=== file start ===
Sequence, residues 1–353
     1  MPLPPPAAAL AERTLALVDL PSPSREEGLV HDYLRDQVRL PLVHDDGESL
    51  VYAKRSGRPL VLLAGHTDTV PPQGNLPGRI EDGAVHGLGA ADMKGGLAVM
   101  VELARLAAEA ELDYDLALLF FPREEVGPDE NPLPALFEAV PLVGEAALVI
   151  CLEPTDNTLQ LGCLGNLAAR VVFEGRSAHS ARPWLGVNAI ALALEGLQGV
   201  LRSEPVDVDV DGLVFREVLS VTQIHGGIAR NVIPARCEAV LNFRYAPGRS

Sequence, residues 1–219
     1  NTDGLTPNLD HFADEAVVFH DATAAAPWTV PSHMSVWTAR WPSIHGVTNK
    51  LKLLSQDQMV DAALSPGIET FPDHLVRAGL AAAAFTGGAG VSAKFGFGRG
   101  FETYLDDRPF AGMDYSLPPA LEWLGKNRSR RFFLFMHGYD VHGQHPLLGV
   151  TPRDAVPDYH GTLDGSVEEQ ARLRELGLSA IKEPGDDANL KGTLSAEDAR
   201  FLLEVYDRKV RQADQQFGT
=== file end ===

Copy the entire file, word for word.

Sequence, residues 1–353
     1  MPLPPPAAAL AERTLALVDL PSPSREEGLV HDYLRDQVRL PLVHDDGESL
    51  VYAKRSGRPL VLLAGHTDTV PPQGNLPGRI EDGAVHGLGA ADMKGGLAVM
   101  VELARLAAEA ELDYDLALLF FPREEVGPDE NPLPALFEAV PLVGEAALVI
   151  CLEPTDNTLQ LGCLGNLAAR VVFEGRSAHS ARPWLGVNAI ALALEGLQGV
   201  LRSEPVDVDV DGLVFREVLS VTQIHGGIAR NVIPARCEAV LNFRYAPGRS

Sequence, residues 1–219
     1  NTDGLTPNLD HFADEAVVFH DATAAAPWTV PSHMSVWTAR WPSIHGVTNK
    51  LKLLSQDQMV DAALSPGIET FPDHLVRAGL AAAAFTGGAG VSAKFGFGRG
   101  FETYLDDRPF AGMDYSLPPA LEWLGKNRSR RFFLFMHGYD VHGQHPLLGV
   151  TPRDAVPDYH GTLDGSVEEQ ARLRELGLSA IKEPGDDANL KGTLSAEDAR
   201  FLLEVYDRKV RQADQQFGT